Starting with “Fables of Faubus,” a 30-minute barbed wire impeachment of Arkansas’s racist then-Governor, and running all the way to the closer “Jitterbug Waltz,” you are confronted with important and still relevant Third Stream music with a heart that’s much bigger and a soul more human than you’re used to hearing from your local philharmonic. Filled with theme and variation, incorporating mind blowing solos, and poking at all areas of popular song, you’ll realize that this isn’t the jazz of Glenn Miller, Louis Armstrong or even Dizzy Gillespie. This is something without true classification. It is simply, and purely, music … and of the highest order.
Although there are many moments in this show that make me stop and look at my sound system as if it will be able to tell me that what I just heard is real, I’ll share four:
At the 4:21 mark of “Fables of Faubus,” Mingus drives the tempo like it’s a stallion that needs to be broken, only to let up a few bars later when Johnny Coles takes the manic reins and cools it down into a slow groove trot. Mingus was known to change tempo, and sometimes even change key, when he believed his players weren’t listening. This is a real life example where you can hear him doing it for yourself. The players are right there with him.
Clifford Jordan’s tenor sax solo in “Orange was the Color of Her Dress …” is straight out of the Lester Young school, beautiful in tone and arrangement. It’s the kind of soundtrack you can fall in love to.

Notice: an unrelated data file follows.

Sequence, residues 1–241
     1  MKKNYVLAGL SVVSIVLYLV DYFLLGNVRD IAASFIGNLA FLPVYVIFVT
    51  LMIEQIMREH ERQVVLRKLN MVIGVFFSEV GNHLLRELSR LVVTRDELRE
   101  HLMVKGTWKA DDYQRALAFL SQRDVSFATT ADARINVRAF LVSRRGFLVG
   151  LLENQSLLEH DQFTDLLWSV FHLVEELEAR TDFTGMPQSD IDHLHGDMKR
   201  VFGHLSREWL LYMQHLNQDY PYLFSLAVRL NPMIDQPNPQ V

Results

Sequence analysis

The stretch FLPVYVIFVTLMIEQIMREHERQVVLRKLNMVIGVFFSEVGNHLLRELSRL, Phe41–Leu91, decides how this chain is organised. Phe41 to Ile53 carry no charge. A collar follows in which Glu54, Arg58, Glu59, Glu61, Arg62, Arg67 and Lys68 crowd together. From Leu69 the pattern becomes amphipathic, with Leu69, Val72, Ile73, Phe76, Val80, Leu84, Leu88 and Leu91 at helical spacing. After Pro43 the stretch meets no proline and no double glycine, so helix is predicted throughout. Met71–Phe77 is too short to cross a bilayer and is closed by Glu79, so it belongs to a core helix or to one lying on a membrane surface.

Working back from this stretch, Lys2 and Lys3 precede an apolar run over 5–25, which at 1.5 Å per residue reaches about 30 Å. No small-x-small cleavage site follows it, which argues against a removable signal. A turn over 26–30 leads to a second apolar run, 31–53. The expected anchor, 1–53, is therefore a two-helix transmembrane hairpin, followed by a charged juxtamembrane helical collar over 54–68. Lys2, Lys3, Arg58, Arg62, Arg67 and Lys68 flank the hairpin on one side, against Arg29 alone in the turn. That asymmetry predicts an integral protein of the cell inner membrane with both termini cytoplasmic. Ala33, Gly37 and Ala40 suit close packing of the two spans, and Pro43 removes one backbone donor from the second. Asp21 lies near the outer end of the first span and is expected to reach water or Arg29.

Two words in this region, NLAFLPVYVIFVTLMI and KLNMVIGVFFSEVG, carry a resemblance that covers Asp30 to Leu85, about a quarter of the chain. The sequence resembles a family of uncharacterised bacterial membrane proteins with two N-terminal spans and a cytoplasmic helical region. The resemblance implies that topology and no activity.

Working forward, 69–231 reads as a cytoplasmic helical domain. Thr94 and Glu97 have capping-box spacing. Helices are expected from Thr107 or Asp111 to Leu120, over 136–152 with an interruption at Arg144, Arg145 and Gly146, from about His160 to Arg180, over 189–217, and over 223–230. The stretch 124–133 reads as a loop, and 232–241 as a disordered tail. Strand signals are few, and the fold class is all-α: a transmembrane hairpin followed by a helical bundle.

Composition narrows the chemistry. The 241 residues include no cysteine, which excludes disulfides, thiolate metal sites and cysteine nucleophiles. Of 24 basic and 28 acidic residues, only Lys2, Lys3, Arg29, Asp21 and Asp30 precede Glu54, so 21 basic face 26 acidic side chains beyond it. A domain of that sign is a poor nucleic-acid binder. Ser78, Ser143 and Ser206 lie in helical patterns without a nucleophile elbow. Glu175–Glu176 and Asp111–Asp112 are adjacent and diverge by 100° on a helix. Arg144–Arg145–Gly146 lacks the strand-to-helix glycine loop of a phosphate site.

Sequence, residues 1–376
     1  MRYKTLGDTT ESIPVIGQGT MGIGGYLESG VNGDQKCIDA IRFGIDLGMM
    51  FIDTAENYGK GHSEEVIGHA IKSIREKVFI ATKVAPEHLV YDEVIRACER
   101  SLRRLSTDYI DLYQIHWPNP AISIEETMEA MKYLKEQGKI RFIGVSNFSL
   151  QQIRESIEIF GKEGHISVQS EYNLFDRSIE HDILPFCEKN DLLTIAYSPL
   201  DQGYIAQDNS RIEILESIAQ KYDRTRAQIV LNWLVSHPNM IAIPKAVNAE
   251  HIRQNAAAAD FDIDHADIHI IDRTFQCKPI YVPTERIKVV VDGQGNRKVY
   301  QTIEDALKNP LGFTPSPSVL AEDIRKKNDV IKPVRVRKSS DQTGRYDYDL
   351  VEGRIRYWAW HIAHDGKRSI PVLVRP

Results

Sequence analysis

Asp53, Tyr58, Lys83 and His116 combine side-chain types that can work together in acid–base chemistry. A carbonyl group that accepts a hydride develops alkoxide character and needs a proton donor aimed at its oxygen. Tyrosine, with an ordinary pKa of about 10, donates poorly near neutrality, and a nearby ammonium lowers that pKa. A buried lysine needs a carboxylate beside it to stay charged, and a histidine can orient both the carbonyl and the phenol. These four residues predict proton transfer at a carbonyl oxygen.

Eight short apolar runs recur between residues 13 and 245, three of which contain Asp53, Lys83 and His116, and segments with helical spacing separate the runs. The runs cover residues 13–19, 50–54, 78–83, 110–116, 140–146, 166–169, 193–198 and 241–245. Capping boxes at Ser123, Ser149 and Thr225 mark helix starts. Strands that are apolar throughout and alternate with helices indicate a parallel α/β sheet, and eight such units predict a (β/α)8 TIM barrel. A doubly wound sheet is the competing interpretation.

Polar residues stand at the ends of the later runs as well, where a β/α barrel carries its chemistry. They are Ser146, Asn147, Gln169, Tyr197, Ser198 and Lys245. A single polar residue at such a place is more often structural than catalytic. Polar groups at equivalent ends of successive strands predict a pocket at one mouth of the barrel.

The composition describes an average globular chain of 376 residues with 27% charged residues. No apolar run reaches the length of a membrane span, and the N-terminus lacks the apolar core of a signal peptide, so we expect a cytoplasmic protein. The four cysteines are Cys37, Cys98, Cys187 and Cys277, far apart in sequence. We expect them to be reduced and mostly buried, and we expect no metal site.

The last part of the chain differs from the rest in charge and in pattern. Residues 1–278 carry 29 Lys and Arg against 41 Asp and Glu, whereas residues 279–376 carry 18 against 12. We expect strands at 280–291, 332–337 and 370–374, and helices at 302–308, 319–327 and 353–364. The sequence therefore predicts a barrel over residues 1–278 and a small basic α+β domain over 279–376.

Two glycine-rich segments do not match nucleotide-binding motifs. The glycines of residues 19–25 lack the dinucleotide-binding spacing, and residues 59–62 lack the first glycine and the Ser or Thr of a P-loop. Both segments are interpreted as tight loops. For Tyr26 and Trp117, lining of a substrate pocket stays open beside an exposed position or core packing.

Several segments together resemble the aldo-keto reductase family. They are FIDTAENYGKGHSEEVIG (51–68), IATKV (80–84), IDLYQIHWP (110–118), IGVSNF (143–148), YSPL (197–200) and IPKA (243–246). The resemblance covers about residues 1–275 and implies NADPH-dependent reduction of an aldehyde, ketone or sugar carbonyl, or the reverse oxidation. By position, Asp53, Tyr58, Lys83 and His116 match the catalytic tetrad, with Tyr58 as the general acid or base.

“Meditations,” taken as a whole, is one of the finest jazz compositions in existence, and exhibits everything that is necessary to understand just how forward-thinking and obviously important Charles Mingus is in the world of music. With counterpoint against counterpoint, bowed bass, and each instrument playing a varied style, it is as at least as valid as any 20th Century composition, including those by Stravinsky, Ives and Ellington. When, about halfway in, it really starts swinging and Mingus encourages his musicians with a “yeah, yeah,” you’ve come face to face with jazz bliss.
If you’ve ever heard a bigger, thicker bass sound than Mingus gets on “So Long Eric” then you’ve got to write and point me in that direction, because I won’t believe it until I hear it blasting out of my sound system.
By the time you’ve reached the lushly beautiful “Jitterbug Waltz” and Eric Dolphy’s incredible flute, you can only wish you’d been in the audience at this show 43 years ago, and you realize that, beyond the years and even with Mingus’ death, you’re still in the presence of greatness. It makes me cherish all those nights “sleeping on the stereo” that was never turned off and always on the jazz station.
Maybe I can still push my bed up against. I still have it. Just like my love for the music of Charles Mingus.
The sound on Cornell 1964 is incredible considering that it came from a tape found in someone’s closet. A tape no one knew existed from a show people didn’t know happened. If we could only be this lucky all the time.
There are a few sound issues. The mix is as good as can be expected, with some of the instruments pushed back a little too far in some passages. There’s a level of tape hiss, but it was most pronounced when I did my “drive around Long Beach with my windows down” test. So now I’m not listening to Cornell 1964 in my car.
There are a few mic knocks, the most pronounced on “So Long Eric,” but overall it’s a beautiful recording that will go to the top of any Mingus fan’s music library and/or CD changer. Sue Mingus made the Paris Concert recordings listenable a few years ago with Revenge! The Legendary Paris Concerts, and now she’s given us this treasure. Maybe we are that lucky.